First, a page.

Diabetes Telehealth Program - Empowering Patients to be Involved in their own Care

Caroline Wallinger with patient
Caroline Wallinger, RN, BSN, with patient

An innovative diabetes telehealth program offered through the MUSC Center for Health Disparities Research enables patients to monitor diabetes and blood pressure from their homes, with direct transmission of real-time data for viewing by their primary care doctors. This technology provides doctors and nurses with the information they need to make treatment recommendations over the phone between office visits. The center launched its Technology Assisted Case Management for Low Income Adults with Type II Diabetes (TACM-2) program in 2014. Using a combination of nurse case management and remote patient monitoring, the TACM-2 program helps patients with uncontrolled type 2 diabetes improve their glycemic and blood pressure control in a practical and sustainable way. 

“Our goal is to improve diabetic control for low income, rural adults in SC with type II diabetes who otherwise have difficulty accessing primary care,” says Chelsey Petz, M.D., assistant professor and medical director of the TACM-2 program.

Dr. Petz and Bill Moran, M.D., primary investigator (PI) and interim director of CHDR provide leadership for the program, which is coordinated and run primarily by two nurses, Dawn Dericke, RN, BSN, CCRC, and Caroline Wallinger, RN, BSN, who have been working on the program since its launch in 2014.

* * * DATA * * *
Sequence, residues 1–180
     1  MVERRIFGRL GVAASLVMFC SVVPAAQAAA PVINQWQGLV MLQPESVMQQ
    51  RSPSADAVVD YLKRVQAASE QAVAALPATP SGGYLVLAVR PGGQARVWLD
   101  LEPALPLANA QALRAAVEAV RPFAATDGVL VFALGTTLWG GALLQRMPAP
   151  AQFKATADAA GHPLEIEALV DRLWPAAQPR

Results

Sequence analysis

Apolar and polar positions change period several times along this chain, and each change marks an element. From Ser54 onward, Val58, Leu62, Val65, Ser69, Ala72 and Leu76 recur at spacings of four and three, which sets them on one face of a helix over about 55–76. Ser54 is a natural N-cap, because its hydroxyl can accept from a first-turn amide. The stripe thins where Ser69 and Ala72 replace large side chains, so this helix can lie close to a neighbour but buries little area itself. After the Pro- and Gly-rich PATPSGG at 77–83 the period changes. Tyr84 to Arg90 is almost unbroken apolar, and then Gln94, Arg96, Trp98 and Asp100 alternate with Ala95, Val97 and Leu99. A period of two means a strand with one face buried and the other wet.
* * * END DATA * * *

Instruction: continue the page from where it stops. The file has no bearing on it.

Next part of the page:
Since inception, the program has partnered with 15 clinical sites comprised of 40 different clinics and has enrolled over 1,900 patients. The program is currently focused on the three counties in South Carolina with the highest prevalence of diabetes: Dillon, Marion, and Williamsburg. Future expansion plans are to roll out the program to MUSC Primary Care Physicians’ Offices.

“What we found is that there are dramatic improvements in A1C levels in the first six months and these improvements are being sustained at the 12- and 18-month mark,” says Dr. Petz. Dr. Petz attributes this success to patients being able to manage their own disease and receive direct feedback from case managers. Remote monitoring allows patients to have more touch-points with their care team which is especially important for patients who may face barriers to attend frequent appointments.